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Cuomo wants lawmakers back in Albany to tackle mayoral school control

Chancellor of the New York City Department of

Chancellor of the New York City Department of Education Carmen Fariña, left, and Mayor Bill de Blasio at a ceremony for pre-K students at P.S. 10 School of Journeys in Brooklyn on Wednesday, June 21, 2017. Credit: AP / Bebeto Matthews

Gov. Andrew M. Cuomo said Thursday that he would reconvene the State Legislature in Albany to renew a soon-to-expire law that gives New York City’s mayor control of the city school system.

Speaking to reporters in Albany, Cuomo criticized Legislative leaders for adjourning this year’s legislative session late Wednesday night without voting on an extension to the mayoral control law that is set to expire on June 30.

Without the extension, governance of New York City schools will return to a previously scandal-plagued system run by a citywide board of education and 32 neighborhood school boards.

“I believe there has been a dereliction of duty,” Cuomo said of lawmakers. “Now you put in a corrupt system. They should come back as soon as possible and fix it. But they have to have an agreement.”

Mayor Bill de Blasio, in a morning radio interview, said he was “deeply concerned,” that lawmakers had not renewed the measure, but also hopeful the legislature would reconvene to approve an extension to the law that has been in place since 2002.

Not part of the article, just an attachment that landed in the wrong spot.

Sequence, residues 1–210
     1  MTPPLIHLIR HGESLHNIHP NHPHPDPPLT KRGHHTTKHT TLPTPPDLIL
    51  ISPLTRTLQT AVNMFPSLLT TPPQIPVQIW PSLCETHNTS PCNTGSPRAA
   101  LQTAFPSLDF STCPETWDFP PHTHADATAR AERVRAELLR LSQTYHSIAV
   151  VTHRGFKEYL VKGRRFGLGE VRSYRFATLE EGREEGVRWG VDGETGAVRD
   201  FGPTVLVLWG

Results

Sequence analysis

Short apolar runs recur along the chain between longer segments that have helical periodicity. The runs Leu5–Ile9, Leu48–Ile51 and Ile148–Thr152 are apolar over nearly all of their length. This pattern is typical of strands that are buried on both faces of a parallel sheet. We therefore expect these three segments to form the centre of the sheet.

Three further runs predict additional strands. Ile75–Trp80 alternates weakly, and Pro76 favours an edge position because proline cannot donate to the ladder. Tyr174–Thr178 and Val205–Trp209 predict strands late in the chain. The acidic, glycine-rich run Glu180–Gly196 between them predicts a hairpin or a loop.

“Today I have an open mind — hoping that Albany will come back quickly and finish the work which was moving along well yesterday, but if we get to June 30 and Albany hasn’t acted, we’re entering a whole new world,” de Blasio said.

Unlike former Mayor Michael Bloomberg, who was granted several multiyear extensions to the law, De Blasio faced an uphill climb this year getting an extension approved as state Senate Majority Leader John Flanagan (R-East Northport) sought to tie the extension to an expansion of charter schools in the city — a move opposed by state Assembly Speaker Carl Heastie (D-Bronx).

Heastie, in a statement Thursday said the Assembly would “consider” returning to Albany if Cuomo or Senate leaders asked the chamber “to engage.” Flanagan on Wednesday night also signaled his willingness to return to Albany to revisit the issue before the law lapses.


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